Also much like last year's Turning Red, Ruby Gillman, Teenage Kraken feels like a movie almost exclusively crafted for a young female audience. Ruby even has three close best friends, much like Mei does in Disney's movie, and the tight-knit group of gals - and, in this case, one totally emo guy - does its best to be as inclusive as possible. In Ruby's group, we meet Margot who, when they start talking about prom, immediately exclaims that another girl had asked her out to prom and she said yes. Later, we see her donning a small rainbow bowtie and then dancing with her girlfriend who is dressed to fit the stereotype. While DreamWorks Animation is no stranger to promoting same-sex lifestyles (it dates all the way back to 2004 with Shark Tale not-so-subtly promoting that message), it still surprises and disappoints me to see them handling the subject matter so casually as if it's nothing but completely normal. Yeah, I get that "it's 2023" and that's where society is progressing (or is it regressing?), but just because more are accepting it, embracing it and promoting it, doesn't mean it's right.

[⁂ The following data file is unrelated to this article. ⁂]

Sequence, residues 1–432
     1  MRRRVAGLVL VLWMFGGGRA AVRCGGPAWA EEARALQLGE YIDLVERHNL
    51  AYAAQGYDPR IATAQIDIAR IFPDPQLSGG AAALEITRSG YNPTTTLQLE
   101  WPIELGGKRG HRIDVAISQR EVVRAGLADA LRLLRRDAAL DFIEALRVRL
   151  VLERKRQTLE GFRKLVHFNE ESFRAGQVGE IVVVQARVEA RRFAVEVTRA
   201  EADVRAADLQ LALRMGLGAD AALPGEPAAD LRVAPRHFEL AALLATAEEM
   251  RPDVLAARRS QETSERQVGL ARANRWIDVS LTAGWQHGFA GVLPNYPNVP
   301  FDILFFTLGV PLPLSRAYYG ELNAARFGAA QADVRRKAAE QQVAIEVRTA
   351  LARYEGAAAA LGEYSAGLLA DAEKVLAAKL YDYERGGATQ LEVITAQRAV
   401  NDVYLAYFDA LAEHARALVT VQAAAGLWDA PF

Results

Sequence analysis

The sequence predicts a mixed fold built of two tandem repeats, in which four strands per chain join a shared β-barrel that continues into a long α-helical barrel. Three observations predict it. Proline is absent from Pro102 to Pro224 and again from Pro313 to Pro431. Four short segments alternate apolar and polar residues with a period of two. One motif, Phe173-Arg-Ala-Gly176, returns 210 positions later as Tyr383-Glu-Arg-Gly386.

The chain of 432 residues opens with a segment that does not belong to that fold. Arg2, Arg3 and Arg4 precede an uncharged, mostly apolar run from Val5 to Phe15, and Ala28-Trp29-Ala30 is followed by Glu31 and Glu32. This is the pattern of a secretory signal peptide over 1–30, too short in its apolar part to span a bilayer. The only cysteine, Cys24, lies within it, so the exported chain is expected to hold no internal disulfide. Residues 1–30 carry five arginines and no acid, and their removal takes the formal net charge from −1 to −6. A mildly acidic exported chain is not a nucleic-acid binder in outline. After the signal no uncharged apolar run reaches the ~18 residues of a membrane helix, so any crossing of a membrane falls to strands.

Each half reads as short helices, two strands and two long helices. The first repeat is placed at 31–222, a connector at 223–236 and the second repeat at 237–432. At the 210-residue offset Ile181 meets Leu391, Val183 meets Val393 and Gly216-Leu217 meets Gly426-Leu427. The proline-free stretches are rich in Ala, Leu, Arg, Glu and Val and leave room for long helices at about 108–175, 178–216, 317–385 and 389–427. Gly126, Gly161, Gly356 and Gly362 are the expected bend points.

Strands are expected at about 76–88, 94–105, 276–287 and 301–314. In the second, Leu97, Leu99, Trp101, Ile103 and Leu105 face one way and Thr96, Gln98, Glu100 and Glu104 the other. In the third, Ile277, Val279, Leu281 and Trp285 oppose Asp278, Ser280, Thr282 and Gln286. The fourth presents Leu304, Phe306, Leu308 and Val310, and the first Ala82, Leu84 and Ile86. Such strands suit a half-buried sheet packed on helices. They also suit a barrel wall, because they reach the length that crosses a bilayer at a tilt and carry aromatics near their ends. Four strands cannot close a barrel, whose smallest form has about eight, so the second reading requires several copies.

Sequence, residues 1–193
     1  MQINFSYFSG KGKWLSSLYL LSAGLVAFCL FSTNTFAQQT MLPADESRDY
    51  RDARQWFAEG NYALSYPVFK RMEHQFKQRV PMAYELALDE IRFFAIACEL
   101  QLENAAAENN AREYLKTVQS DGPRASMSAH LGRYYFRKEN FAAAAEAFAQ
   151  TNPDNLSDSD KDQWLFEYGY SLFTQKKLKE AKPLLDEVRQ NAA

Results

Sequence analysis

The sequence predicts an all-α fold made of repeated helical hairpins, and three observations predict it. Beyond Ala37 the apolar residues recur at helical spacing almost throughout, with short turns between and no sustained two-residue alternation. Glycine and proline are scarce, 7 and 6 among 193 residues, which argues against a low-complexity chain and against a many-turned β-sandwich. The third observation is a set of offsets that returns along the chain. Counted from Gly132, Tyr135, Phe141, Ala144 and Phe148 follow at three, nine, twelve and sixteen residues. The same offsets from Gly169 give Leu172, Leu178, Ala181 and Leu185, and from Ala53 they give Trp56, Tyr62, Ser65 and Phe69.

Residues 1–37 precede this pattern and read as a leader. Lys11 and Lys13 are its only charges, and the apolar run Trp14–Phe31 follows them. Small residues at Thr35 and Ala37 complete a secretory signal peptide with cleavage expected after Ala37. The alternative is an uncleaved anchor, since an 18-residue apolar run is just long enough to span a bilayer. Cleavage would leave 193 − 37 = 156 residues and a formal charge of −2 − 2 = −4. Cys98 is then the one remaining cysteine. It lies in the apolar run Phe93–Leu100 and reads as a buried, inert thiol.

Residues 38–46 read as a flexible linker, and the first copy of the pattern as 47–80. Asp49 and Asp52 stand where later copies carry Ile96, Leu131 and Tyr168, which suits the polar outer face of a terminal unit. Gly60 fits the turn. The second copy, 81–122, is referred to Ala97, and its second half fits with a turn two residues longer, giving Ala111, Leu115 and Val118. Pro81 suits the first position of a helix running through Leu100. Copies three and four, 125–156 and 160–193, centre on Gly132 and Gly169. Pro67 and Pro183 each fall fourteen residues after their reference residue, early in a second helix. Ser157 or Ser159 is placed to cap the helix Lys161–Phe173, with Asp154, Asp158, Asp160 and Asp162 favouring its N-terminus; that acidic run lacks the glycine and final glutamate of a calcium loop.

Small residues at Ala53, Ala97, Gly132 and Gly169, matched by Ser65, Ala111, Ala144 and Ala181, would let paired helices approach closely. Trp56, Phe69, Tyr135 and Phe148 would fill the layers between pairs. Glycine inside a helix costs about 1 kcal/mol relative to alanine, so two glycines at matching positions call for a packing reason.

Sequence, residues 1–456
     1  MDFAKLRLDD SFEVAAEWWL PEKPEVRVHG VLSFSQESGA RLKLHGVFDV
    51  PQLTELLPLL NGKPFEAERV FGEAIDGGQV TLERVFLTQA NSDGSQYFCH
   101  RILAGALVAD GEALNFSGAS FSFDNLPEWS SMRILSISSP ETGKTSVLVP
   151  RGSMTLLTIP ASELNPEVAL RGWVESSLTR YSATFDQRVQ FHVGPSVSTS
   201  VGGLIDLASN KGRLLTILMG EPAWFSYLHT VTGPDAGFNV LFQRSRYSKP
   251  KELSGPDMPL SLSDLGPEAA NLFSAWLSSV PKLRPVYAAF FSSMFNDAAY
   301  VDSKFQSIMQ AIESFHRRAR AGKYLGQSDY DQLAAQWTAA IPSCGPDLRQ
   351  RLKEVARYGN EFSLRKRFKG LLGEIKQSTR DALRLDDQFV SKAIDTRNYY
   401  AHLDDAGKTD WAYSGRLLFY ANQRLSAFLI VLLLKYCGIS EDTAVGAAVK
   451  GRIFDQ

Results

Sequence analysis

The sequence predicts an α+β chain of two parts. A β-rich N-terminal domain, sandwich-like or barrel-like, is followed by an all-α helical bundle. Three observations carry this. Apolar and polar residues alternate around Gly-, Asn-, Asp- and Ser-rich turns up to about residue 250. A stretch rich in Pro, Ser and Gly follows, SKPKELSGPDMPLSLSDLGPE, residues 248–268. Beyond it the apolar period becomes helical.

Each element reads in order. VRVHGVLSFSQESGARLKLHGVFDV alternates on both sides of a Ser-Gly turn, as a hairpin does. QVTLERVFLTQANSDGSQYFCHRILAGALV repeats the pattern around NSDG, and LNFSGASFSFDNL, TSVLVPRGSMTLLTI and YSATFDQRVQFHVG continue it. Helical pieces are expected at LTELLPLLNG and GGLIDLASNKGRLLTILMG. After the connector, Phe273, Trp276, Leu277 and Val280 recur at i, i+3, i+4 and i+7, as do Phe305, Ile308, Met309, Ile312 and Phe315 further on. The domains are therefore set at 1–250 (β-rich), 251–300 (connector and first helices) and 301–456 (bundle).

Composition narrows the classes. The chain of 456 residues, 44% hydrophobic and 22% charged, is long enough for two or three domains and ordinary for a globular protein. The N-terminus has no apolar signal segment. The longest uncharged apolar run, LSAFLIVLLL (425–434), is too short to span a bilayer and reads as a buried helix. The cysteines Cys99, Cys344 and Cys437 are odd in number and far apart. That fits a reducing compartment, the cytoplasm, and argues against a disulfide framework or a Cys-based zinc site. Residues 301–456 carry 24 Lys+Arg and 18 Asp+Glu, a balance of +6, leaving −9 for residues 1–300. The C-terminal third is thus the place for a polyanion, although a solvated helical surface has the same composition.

With all of that said, Ruby Gillman, Teenage Kraken has its amusing moments, and Ruby Gillman is a likeable heroine, but it really doesn't help its case that it all seems so familiar. The characters and animation are passionate and certainly ardent in nature, but I really can't recall a single moment that felt original or unique; nothing really stood out to define this movie. The animation is fine, but the character designs are bizarre. It almost has a claymation style at times, but other times is just reminiscent of something like Yo Gabba Gabba. It's weird. ("Kraken" makes me think of Clash of the Titans or Pirates of the Caribbean: Dead Man's Chest. The designs here are anything but that.) It also seemed like a really odd choice to state within the story's kraken lore that only the female krakens could grow to a kaiju size. That's right, the men cannot. I think it's great to have stories that can help young girls not feel alone or freakish as they grow into womanhood, but I'm getting a little tired of these same stories being used to seemingly undermine male characters at the same time. (I'd be inclined not to "pick on" a little story like this Ruby Gillman for this, but we're living in a social climate right now where it's being encouraged for men - straight or otherwise - to wear dresses. It's a truly bizarre time to be alive, people.) Thankfully Ruby Gillman, Teenage Kraken doesn't go so far as to full-on belittle men (like this summer's runaway hit, Barbie, did) -- after all, Ruby is obsessed with a boy named Connor -- but like Turning Red, it's a movie almost expressly aimed at a tween girl audience, and after studios have churned out so many great all-ages and boy-or-girl -friendly stories, Ruby Gillman, Teenage Kraken is a bit of a surprise to find alienating its audience.